If you are a cyclist, like myself, you normally keep an eye on weather forecasts, so you’ll know how to dress, and what to expect on your ride. This weekend, we were going to have an epic ride in the East Bay which started at 8 am. However, as I was getting prepared for that ride, I saw that the ground was wet. As I stepped outside, it was actually raining. The ground was wet as can be, so after tweeting a few other of my buddies local to me, none of them really wanted to go climbing Sierra on wet roads. So we decided to wait till later. I looked at the weather forecasts, and one of them, weatherunderground, was reporting light rain and drizzle … no duh … I could see that! However, weather.com and accuweather.com, made no mention … no mention at all about rain, or wet roads … not even mentioning drizzle.
Looking at weatherunderground, it mentions it will be clearing by 10 am. Ok, fine, we’ll start our ride up Page Mill, then down to San Gregorio, then finish coming up Tunitas Creek. Nice plan, right? Marco and Ruth would be heading out and meet us somewhere in San Gregorio, so that would be perfect.
We went up Altamont (kinda eerie for me, because that’s the same road where I went down, although it was in the opposite direction). So far, no issues … pretty dry. Left turn up Page Mill, and on we go. About half way up, we could see the fog shrouding the hillside, so one of my fears was how foggy it would get to the top. So far, temperature-wise, I was okay. There was a mist around us, and I could tell I’m getting a little damp from the dew of the fog, but I was still fairly warm.
Marco and Ruth called, and they were bailing on the ride. It was raining too much on their side, so we’ll see how the rest of the ride goes for us.
After we got past gate 4, things started to turn on us. The fog got heavier and heavier, and glasses really started to fog up, to the point where it was really difficult to see out of them. I kept mine on, as there was still some parts of my glasses where there was a clear vision. The fog turned to a heavy mist, which then turned to a constant drizzle. Near the top, I could definitely tell it was getting colder, but at least we were still climbing. That would at least keep our body temperature up a little bit. The drizzle now was actually turning into rain, and we were really wet. Finally reaching the top, and we could not see a thing. We saw a few riders coming southbound from Skyline, saying that the visibility was almost nil, that you could hardly see anything. That was enough for us to not continue on our original plan.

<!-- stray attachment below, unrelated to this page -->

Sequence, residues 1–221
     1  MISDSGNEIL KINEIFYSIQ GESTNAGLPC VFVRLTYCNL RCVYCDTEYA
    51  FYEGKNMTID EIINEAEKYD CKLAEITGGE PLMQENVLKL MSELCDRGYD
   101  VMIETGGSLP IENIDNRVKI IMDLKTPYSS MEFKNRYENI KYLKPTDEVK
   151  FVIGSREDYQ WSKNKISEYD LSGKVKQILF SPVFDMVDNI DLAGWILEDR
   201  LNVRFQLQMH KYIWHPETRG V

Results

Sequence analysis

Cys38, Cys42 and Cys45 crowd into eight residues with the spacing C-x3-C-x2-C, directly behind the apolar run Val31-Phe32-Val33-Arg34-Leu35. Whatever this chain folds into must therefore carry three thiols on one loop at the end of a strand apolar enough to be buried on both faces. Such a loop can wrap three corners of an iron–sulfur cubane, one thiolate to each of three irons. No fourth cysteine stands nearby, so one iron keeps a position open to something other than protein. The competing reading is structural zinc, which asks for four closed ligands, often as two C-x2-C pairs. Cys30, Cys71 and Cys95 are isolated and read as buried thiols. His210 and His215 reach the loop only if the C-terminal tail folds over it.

We were originally going to go down to the coast, but with this fog and low visibility, we thought better of it. First, we had to descend quite a bit, and that’s not good news with low visibility. Second, we were all getting cold, and cold just does not do well for cycling, especially with a long ride that we had planned. So the plan was to bail on the original ride, and just head back down.
Going down, I was going to take my time. I do not want to suffer the same fate from a year ago, where I went down on Altamont on slick roads that were even dryer than this. Still, even at the slower than normal descending pace, my toes and fingers were getting really cold. Water was seeping into my shoes, which just exacerbated the situation with my freezing extremities in my toes. I took it really easy around the switchbacks, with no aggressive turns on the descent. In fact, I was going so slow that Chris caught up to me, who is generally slower on the descent. In fact, as he was passing me, he asked if I was okay. I was thinking “yeah, not sure why you are asking” … Chris then mentions he didn’t think he would pass anyone at all. I told him I would be going slow!
By the time we got to the lower section of Page Mill, the rain stopped, and there was even some sunshine. My toes were still freezing, and the sunshine was just not strong enough to thaw out my toes. Talk about Bay Area micro-climates!
As I looked towards the east, I could clearly see blue skies, and a few clouds, but definite signs that it was probably a bit warmer there.
On the climb up Page Mill, we all pretty much stuck together. This is strange, as normally I would be caught alone on the climb … could it be I am getting that much better, or that the cold and damp is just sapping everyone to an even keel? Possibly the latter.
I later found out from Donald that the roads descending Sierra were also wet. I guess this is just a matter of high altitude and fog conditions … oh well.
Total stats, based on Ascent … 37.2 miles, 3101 feet climbing. Hey, at least we got 3000+ feet climbing in on this day. That’s not too shabby.